Crivens, has it been that long since I've been here? I've been busy, busy, busy. Writing reviews, writing short stories, poems and parts of novels, and, ahem, writing my dissertation - honest!

Another thing that kept me busy was having a place on a Scottish Book Trust/BBC writing lab for Children's BBC. To get a place you had to send a writing CV and details of the children's books and television programmes you liked to read and watch, and why. I think taking the kids to see the Chuckle Brothers live on stage years ago swung it for me, as well as all those Singing Kettle shows we endured. "Sprout, handbag, leg of chicken, what's inside the singing teapot!" That's close enough for jazz. You know what I mean if you are a Scottish parent with children of a certain age, although I should talk, I've actually been to their shop in Kingskettle in Fife, and have to admit that their version of "I Had a Hen" is a deranged, fiddling masterpiece  Ah, many times on the long drive to Skye we belted that out with Cilla, Artie and the gang as we curled our way around the side of another loch.

There were ten of us on the lab, from all parts of Scotland, with varying screen writing experience - or not!

The first day consisted of a meet and greet and a tour of BBC Scotland at Pacific Quay in Glasgow. Before that we were told about the CBBC brand - who watches it, what ages they are, what are the BIG shows, like "Deadly 60" and "Horrible Histories" and "M.I. High" and anything with "Tracy Beaker" in it. We learned that the CBEEB aren't really looking for a new supernatural drama - it's done, but who knows.....Never say never. But they need a sitcom. Comedy should not be subtle or full of irony, but full of slapstick with adults "getting it". There are also reconstructed factual dramas, shows that are a mixture of real-life and scripted parts, and things like "Ooglies" which is story-boarded animation with a punchline. They also need more shows with girl experts/role-models, and something set in Scotland that isn't overly Scottish. Easy, huh?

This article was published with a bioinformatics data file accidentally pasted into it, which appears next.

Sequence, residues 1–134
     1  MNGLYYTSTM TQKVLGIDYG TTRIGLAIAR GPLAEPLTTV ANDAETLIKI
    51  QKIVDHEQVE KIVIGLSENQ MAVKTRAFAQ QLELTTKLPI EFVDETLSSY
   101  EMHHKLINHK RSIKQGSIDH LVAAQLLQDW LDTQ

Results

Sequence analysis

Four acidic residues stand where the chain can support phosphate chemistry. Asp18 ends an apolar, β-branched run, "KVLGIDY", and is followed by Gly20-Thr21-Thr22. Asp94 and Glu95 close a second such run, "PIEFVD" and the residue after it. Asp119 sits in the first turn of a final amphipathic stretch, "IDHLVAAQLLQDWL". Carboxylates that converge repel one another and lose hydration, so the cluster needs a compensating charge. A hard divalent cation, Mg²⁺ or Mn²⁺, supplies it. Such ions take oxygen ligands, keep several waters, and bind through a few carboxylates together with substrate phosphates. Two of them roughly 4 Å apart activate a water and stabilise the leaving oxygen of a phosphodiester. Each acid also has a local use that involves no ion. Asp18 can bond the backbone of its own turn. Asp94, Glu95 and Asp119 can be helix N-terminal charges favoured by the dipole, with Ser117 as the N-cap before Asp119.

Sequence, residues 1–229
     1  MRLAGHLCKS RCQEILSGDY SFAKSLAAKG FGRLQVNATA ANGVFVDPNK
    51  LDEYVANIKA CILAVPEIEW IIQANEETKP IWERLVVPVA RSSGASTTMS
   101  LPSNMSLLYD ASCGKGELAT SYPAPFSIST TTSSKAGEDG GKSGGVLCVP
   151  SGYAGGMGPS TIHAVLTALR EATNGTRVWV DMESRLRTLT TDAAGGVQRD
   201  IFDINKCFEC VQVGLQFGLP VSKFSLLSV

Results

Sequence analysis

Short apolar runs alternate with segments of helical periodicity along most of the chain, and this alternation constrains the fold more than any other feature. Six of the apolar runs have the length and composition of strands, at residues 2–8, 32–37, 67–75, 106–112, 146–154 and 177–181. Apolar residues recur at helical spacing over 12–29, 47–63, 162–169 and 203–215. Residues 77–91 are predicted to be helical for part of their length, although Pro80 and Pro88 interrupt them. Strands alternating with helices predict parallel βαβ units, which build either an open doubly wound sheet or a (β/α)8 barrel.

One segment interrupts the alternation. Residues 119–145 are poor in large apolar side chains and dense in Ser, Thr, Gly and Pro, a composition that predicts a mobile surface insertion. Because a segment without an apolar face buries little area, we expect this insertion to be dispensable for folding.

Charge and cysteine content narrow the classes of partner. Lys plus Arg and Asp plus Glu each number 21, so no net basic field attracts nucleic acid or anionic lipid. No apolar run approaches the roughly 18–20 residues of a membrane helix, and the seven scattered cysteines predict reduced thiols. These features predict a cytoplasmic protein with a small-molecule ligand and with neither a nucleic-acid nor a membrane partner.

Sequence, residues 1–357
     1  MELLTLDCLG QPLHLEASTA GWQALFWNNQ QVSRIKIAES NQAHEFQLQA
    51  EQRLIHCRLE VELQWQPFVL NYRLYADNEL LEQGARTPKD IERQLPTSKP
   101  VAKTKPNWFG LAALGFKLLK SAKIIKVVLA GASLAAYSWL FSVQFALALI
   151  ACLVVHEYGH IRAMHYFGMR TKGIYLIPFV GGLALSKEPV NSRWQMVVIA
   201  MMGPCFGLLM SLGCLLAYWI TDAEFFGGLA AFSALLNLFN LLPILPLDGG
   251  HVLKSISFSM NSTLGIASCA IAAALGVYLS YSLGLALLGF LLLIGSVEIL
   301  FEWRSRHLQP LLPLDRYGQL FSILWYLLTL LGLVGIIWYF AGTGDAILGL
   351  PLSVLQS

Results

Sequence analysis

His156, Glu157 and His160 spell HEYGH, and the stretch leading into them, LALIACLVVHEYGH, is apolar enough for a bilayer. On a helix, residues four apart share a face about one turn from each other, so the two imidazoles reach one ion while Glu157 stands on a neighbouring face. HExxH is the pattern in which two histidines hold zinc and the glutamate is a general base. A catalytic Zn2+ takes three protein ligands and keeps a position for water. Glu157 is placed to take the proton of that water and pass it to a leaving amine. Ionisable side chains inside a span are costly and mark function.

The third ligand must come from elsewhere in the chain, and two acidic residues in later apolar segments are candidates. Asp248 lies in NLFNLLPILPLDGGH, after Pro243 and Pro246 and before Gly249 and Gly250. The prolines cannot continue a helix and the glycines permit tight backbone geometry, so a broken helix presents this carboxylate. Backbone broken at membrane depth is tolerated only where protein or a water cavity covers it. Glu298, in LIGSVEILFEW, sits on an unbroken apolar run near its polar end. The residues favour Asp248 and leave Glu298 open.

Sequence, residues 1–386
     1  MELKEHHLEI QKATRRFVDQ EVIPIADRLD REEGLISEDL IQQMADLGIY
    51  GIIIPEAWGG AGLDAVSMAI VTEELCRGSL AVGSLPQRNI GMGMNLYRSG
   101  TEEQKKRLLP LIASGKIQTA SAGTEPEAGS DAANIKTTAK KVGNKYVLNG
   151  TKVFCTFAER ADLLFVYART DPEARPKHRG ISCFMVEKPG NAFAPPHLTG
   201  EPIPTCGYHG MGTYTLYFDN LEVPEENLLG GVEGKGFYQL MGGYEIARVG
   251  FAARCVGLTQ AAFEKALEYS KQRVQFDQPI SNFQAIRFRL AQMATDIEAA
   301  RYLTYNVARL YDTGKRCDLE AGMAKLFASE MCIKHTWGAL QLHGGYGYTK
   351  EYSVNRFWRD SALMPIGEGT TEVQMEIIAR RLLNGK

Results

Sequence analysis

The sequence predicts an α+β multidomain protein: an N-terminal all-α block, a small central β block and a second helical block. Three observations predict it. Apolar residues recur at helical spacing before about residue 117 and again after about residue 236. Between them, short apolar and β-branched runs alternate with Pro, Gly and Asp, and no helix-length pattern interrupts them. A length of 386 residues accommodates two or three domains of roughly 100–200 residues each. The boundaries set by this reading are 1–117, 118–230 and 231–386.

We got a tour of the studios and a tour of the editing suites (and I got an idea for a crime story in the sound suite), then we sat down and went through the dos and don'ts about making a good pitch. After that we brainstormed some ideas for shows among ourselves - adventure shows, reviews shows, shows about being haunted or being in ghostly places,  a children's secret millionnaire type show, hotel investiagtors, murder mystery dinner party, a girl's Olympics/martial arts/ballet/pop band/junior vet show!  Mad Men for kids, my little brother is a robot, make over your parents or your teachers....and the list went on and on and on. We were on fire.

The flames quickly went out as we had to pitch those ideas to some real children for a nearby primary school. "Bor-ing!" they shouted. "Rubbish!" they cried, and gave us their ideas - skateboard challenge, falling into the future, saving endangered animals, living in a crazy house, guess the child, something that writes in French (Eh? My thoughts exactly). Dragons, Medusa, the Loch Ness Monster, something about real spies, the world turns into chocolate and melts!

And that was it, end of day one, and the task for day two? Come up with ten ideas for shows, a paragraph for each one, using something we had discussed today, but preferably not. And not as easy as you might think.


By: Ian Hunter On Saturday, 07 April 2012 Comment Comments( 0 ) Hits Views(5665)